HAL Nieuw Statendam Verandah Stateroom Review
Not all staterooms on Holland America Line’s Nieuw Statendam are created equal. Recently I stayed in one of the unique rooms that is better than most for a few reason. This is my experience in a unique room on a cruise to the Norwegian Fjords.
My original stateroom, booked through a land based casino promotion, was a Verandah Stateroom in the VA category. Holland America has various stateroom levels within each category. So within the “Verandah Stateroom” category, you have V, VA, VS, VB, VC, etc. Better rooms might be midship on a higher floor, worse rooms might have an obstructed view.
Holland America has a program called Club Orange that is a paid upgrade separate from their Mariner Society loyalty program. For $25 per person per day of your trip to add Club Orange, you get benefits that other guests do not — the top being an upgrade to the highest level available room within your booked category. So in theory you could book an obstructed view Verandah Stateroom, pay $25 per day and get a much nicer view and room.
When I called to book Club Orange for my trip, I had a deck plan of the ship pulled up as well and did a bit of research. I wanted to try to get room 5048 or 5051 as they had a larger balcony. 5048 was available so I booked it with the agent on the phone and paid my $175 to join Club Orange.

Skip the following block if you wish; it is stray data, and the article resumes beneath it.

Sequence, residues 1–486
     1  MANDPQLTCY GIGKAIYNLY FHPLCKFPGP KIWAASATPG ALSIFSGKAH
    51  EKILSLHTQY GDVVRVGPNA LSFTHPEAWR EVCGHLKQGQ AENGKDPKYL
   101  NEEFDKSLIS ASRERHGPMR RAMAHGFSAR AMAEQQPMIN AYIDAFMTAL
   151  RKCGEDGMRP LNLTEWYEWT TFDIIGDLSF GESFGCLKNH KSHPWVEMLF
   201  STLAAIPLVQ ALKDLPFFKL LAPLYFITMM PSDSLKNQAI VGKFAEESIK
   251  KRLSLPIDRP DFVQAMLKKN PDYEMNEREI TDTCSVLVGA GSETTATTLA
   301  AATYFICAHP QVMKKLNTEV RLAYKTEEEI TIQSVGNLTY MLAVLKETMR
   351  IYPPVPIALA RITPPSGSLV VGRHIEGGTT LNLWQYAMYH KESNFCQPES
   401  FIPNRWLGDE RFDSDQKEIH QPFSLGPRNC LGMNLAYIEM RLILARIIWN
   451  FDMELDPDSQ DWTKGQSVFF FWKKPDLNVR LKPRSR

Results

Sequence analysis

Upon boarding, I walked up the stairs to Deck 5 (Gershwin Deck) and was pleasantly surprised that my room was ready for me. Room 5048 is located forward ship on the port side. Is is just outside the forward elevators though it doesn’t open directly into the elevator lobby so for the most part sound wasn’t an issue.
My key (which is used for entering the room, getting off and on the ship at ports, and for charing to the room) was in an envelope outside my room.
The layout of the room is turned 90° from most rooms. The downside is that as you enter the room, you step straight into the side of the bed. I didn’t find this to be an issue but it is just a bit different from normal cruise ship staterooms like the one I had on the Norwegian Spirit.
The best about the room being turned 90° is that it means the long wall of the room is the exterior wall and you get double the window space of a standard room. Especially on a scenic cruise like the one I was taking, this was a huge bonus. You have a large window next to the bed and a second window/balcony door.
The bed itself is two single beds pushed together. It is very comfortable with luxury linens. On each side of the bed is a small table with drawers, a reading light and a wall lamp.
Next to each side of the bed is also a US style power outlet and USB charging port in addition to controls for the room light and individual wall lamp.
The bed is high enough to store suitcases under it.
Along the interior wall, between the room door and bathroom door, is a large amount of built in storage.
On the diagonal portion is a glass paneled area with extra drinking glasses, an open lighted area where some mini bar items are located, and some additional storage under that.
Next there are three drawers under the mini fridge. Above the mini fridge is another compartment with the safe. On the first day I asked my room steward to empty the mini bar so I could use it for cans of water and he had no problem doing so.